Middle of the week on Wednesday I managed to squeeze in a relaxing swim after a strenuous work day, only to come home to a Pomeranian litter delivered while I was swimming. I would normally watch through the first night whenever there is a new litter, especially for breeds as tiny and delicate as Pomeranians. Mentally drained and physically tired, I reluctantly asked my kennel hands to check on the pups at least once during the night. I woke up next morning to the news that one of the pups managed to slip out of the already narrow grills of the whelping cage and fell one-foot onto the floor. My helper found the poor pup at early dawn. It looked okay before I left Manila on Friday, only to weaken and die before midnight. Sigh.

Thursday night I tried to get home early to test ride my bike at least once. It rained the moment I left our house gate. Not exactly well, I went back and prayed that the last mechanic did well his job.

Friday I submitted the work document, sat through a very important meeting trying my best to recall things and sound intelligent, left the office at lunch, did last minute supplies shopping, and packed my bags for Subic. By 4pm I was off driving to join the traffic rush out of the city. Before dusk while cruising through SCTEX I received message that what was supposed to be a simple hemmorhoid operation for my 73-year old dad had to be postponed to make way for another, more critical, high-risk, expensive disease and procedure. It was hell week indeed and my world was fast crumbling. There goes my tri-bike budget I told my ride buddy as I tried vainly to make light of the situation. That lone female pup that died, it could have fetched a big sum to help defray the medical bills of my dad.


Unsettling Calm
Race day morning (May 2) I was more quiet than usual. Just the previous morning I found myself suddenly and uncontrollaby sobbing inside the bathroom. It must be pressures and myriad of concerns trying to express themselves. I only have one train of thought that moment: God, I am already here in Subic. I trained hard for this. I have been a helpful athlete and a good son. Please give me a race that I deserve.

I snapped out of the doldrums immediately and immersed myself in the spectacle that was Subit. I cheered friends doing the Sprint on Saturday and celebrated their personal victories. But Sunday morning I was back to reality. What I felt was eerie silence - a calm that neither soothes nor relaxes. I did not know if I was worried about my bike, my father, our nascent team. I dunno really. I just remembered drinking litters of water preparatory to the swim and hying off to the deeper part of the waters to unload what I drank.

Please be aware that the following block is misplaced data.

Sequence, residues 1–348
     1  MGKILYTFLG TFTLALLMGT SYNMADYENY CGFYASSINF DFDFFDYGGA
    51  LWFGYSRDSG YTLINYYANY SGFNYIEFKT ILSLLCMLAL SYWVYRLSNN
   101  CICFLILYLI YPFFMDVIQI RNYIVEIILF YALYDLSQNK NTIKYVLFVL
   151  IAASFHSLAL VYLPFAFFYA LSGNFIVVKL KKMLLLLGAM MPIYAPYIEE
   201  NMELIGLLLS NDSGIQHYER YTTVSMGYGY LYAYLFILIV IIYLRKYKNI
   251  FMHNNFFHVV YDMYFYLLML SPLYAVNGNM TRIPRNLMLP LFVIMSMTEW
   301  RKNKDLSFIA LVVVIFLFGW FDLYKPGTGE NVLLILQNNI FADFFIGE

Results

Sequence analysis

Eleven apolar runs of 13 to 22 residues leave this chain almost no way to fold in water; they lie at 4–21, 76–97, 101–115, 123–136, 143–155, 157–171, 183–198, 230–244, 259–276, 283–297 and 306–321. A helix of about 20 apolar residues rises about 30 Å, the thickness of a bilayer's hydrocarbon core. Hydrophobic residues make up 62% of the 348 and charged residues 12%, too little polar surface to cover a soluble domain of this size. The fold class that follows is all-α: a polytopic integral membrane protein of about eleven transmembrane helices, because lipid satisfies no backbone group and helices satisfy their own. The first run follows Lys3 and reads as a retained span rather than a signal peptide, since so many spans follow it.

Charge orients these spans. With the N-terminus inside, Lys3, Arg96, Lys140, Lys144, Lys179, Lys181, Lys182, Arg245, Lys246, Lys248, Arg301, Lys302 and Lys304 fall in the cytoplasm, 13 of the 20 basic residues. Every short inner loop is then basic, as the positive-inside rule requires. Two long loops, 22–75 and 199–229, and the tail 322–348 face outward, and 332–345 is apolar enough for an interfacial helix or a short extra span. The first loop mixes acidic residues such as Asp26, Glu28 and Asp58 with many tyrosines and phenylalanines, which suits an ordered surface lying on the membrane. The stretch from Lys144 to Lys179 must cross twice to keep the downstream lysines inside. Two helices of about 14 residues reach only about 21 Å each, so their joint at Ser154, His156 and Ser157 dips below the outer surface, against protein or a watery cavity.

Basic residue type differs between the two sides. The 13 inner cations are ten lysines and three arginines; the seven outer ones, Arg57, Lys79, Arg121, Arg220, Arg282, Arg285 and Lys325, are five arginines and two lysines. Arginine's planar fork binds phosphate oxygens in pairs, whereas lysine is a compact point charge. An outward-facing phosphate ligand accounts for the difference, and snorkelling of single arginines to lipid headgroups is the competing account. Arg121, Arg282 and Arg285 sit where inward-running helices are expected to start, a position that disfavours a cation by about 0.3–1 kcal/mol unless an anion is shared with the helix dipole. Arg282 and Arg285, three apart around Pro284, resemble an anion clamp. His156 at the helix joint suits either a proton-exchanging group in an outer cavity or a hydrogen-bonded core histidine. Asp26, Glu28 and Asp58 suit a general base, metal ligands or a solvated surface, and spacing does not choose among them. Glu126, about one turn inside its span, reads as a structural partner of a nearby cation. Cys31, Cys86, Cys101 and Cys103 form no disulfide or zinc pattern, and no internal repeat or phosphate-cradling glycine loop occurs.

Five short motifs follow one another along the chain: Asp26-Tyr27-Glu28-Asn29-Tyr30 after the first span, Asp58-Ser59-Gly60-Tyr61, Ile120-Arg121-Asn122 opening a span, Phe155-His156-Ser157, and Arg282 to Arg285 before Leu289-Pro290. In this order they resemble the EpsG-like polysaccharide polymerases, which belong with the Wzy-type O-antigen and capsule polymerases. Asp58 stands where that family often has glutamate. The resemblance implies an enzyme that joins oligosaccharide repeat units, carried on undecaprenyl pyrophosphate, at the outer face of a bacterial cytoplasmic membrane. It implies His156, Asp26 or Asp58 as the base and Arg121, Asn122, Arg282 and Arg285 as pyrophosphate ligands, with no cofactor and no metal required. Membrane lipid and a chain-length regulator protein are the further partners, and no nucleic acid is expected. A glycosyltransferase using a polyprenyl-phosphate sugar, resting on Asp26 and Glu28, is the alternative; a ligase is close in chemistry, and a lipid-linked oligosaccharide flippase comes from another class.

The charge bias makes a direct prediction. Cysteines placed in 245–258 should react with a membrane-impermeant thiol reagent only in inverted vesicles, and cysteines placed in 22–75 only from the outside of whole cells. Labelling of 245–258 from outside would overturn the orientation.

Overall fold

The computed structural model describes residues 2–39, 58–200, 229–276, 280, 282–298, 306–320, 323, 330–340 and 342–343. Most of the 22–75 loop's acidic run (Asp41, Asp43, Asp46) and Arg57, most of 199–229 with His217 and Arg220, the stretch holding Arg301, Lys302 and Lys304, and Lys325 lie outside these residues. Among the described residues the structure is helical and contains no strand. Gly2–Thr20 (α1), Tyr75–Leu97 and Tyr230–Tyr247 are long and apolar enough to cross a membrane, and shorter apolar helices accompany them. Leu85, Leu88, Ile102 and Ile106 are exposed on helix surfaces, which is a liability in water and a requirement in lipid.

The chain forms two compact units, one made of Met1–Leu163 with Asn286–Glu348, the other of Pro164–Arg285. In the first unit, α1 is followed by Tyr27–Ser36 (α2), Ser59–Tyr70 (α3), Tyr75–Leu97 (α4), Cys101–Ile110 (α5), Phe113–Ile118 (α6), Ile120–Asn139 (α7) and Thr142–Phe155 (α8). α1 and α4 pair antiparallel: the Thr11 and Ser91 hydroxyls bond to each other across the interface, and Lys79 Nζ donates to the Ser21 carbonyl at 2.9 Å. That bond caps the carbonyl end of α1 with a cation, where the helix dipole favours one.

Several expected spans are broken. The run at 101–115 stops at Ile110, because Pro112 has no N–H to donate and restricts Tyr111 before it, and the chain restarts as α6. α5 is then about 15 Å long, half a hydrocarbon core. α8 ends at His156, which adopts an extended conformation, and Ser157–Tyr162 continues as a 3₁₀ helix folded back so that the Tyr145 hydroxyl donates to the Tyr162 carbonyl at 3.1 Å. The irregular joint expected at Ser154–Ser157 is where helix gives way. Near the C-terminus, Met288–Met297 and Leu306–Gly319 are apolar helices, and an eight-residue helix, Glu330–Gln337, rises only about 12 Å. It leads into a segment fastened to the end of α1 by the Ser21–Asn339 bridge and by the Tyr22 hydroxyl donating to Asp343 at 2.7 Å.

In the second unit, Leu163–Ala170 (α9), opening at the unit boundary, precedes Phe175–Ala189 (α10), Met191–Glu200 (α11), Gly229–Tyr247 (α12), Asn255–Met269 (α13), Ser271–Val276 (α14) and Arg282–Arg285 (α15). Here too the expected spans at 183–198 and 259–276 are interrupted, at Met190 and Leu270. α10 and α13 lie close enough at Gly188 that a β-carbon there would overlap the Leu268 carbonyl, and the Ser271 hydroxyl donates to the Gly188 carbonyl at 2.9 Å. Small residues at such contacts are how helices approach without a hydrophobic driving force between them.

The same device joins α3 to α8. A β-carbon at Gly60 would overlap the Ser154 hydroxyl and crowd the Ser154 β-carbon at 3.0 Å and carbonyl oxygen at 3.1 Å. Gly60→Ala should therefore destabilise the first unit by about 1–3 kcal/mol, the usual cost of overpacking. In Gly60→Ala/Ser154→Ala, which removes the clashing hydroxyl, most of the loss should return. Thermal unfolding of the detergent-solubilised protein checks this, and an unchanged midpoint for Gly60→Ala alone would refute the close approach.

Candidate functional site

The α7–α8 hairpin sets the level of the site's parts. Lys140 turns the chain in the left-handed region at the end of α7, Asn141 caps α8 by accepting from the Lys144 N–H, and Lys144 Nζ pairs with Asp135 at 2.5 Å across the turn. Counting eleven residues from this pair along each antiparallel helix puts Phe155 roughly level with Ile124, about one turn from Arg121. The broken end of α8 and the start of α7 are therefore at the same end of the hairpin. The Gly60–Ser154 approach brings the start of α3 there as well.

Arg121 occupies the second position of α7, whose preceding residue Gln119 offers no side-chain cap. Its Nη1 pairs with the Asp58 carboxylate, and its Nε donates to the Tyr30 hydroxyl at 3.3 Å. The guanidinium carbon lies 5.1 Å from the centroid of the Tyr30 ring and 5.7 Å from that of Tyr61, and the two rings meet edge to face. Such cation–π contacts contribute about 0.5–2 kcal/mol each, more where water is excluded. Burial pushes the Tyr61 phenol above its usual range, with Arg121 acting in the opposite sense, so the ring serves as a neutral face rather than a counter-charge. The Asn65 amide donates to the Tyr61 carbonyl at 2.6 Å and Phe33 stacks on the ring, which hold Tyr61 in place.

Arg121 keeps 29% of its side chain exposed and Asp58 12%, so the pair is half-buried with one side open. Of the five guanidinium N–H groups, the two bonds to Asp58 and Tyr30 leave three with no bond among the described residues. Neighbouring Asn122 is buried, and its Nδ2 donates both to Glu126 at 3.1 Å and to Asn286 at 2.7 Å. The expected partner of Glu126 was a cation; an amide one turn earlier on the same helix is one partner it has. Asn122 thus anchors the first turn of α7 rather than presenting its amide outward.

After a long wait our age group finally hit the waters. I mechanically walked towards the waters and dove only when the water was waist deep. There was physically commotion, but nothing compared to the silent turmoil in my mind. Used to mass starts in our regular wednesday night swims, I was oblivious to the swimming crowd. I got hit in the face causing water to seep a little into my goggles, but I could not care less. It was good that just a week ago I was forced to swim  blindly 750m of the same beach when I left my goggles. God is still good; He prepares me well.

Just like in the past, swimming worked its magic on my troubled mind and body. Eventually I got my rhythm. Long and steady strokes, whoever was ahead, behind or beside me. I used to be timid in the pool, often giving way to others. But that morning I claimed my right to be there. I swam  my pace and raced with myself in that sea of athletes. I have been told about the trench but when I first saw it, what I felt was awe, not fear. Fascination, not trepidation. Gone were the week's woes. It was all green - calm, clear and comfortably cool. I was in my element. I was at peace. Long steady strokes. I haven't had my fill yet when it was time to turn around already.

My swim was two loops of nirvana. Best swim I've had in my short 2-year multi-sports history. As I completed the second round I noticed the swim crowd was thinning. I knew we were the last wave, but had I been left behind in my joyous swim? Eventually I reached the shore. Sweet Jesus I made it in 37 minutes! The best I recorded in the pool was 39 minutes. I was ecstatic, moreso when I saw friends cheering me on as I ran my way to the transition. Go Sheerwill I heard my friends. Thank you, thank you was all I mustered. That and a big smile on my face.

            
      Wow, there are others behind me =)
              Photo by Jonas' wife

   The only thing better than a good swim 
were friends cheering you on. Thanks!
        Photo by Carina

                           


6 comments:

gerard May 12, 2010 at 9:53 AM  

That was an amazing swim rico!

Mikes May 12, 2010 at 2:50 PM  

Can't wait for part 2! Now I know why you were not your jolly old self when I saw you guys Saturday,

ronald May 12, 2010 at 7:27 PM  

ang dami mo palang pinagdadaanan aside from the tri itself. grabe! astig ka boss rico! you really deserve this race!

Jan May 13, 2010 at 3:40 PM  

Good job man. I knew that you will do well with the dedication that you put in the sport.

Ian May 16, 2010 at 8:39 PM  

great job Rix... what more if you were focused... i myself had a good swim.. no hassles or anything... i attribute this to the group swims that you organized.. thanks bro!

Hotlegs Runner May 20, 2010 at 1:51 PM  

idol commissioner!!!